Computer giants join forces on green initiative

IT companies team up in eco-friendly move to save $5.5 billion in PC energy costs.

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By  Michele Howe Published  June 14, 2007

Chip giant Intel and search engine Google have teamed up with a host of other IT companies in a bid to save over $5.5 billion in energy costs and reduce greenhouse gas emissions by 54 million tonnes per year through computer usage.

The firms - which also include Dell, HP, IBM, Lenovo and Microsoft - have united with environmental organisations including the Environmental Protection Agency and the World Wildlife Fund, to form the Climate Savers Computing Initiative.

Members of the initiative are aiming to reduce harm on the environment by cutting down greenhouse gas emissions by 54 million tonnes per year by 2010 - equivalent to removing more than 11 million cars from the road or shutting down 20 coal-fired power plants.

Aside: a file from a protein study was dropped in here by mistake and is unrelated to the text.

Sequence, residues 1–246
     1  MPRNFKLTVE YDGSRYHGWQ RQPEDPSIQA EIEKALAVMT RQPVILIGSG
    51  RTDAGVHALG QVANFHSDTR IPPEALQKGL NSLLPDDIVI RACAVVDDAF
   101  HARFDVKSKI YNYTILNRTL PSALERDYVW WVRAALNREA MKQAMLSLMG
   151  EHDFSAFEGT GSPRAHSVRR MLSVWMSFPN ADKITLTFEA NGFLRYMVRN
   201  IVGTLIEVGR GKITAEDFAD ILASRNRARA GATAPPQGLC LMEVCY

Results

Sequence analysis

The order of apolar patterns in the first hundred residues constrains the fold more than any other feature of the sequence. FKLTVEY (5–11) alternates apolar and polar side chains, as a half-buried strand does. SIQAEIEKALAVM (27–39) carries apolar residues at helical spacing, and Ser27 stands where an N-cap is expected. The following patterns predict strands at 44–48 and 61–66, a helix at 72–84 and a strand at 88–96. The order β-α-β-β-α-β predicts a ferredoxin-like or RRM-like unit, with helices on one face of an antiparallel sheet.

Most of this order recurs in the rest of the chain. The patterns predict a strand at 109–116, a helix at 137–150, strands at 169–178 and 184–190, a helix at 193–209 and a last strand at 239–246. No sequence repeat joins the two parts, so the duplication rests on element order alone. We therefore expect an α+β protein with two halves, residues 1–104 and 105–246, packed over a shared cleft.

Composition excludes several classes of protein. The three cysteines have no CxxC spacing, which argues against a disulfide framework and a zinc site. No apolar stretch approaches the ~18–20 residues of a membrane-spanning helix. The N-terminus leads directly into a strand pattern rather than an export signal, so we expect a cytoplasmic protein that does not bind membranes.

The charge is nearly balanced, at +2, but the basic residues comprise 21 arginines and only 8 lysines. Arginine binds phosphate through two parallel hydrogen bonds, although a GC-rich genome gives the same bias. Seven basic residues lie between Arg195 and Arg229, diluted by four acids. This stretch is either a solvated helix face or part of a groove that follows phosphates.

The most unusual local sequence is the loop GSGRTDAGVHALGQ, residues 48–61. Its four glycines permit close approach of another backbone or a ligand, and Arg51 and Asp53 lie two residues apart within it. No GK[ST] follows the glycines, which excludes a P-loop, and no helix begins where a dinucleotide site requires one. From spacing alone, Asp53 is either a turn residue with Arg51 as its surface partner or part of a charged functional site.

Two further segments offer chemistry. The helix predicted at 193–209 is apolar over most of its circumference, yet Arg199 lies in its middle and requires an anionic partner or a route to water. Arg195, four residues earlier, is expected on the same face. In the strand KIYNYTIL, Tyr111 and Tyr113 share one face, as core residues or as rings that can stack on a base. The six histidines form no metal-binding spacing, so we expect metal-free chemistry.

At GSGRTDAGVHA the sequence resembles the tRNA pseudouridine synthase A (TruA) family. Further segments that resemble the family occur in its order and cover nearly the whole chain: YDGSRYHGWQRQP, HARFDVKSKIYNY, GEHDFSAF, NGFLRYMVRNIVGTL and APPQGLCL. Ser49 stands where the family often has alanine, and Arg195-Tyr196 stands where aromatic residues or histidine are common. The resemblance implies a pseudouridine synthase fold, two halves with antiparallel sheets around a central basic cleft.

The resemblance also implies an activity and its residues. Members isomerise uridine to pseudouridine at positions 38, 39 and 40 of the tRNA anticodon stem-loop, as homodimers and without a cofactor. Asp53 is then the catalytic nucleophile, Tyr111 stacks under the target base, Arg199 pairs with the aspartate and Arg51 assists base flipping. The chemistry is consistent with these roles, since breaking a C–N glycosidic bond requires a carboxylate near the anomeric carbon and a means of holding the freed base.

In addition to pledging to build energy-efficient products, the group will also work to promote the adoption of energy-efficient computers and power management tools to businesses.

"Today, the average desktop PC wastes nearly half of its power, and the average server wastes one-third of its power," said Urs Holzle, senior vice president of operations at Google.

"The Climate Savers Computing Initiative is setting a new 90% efficiency target for power supplies, which if achieved, will reduce greenhouse gas emissions by 54 million tonnes per year - and save more than $5.5 billion in energy costs," he added.

Other IT firms that are backing the initiative include AMD, LANDesk Software, and Sun Microsystems.


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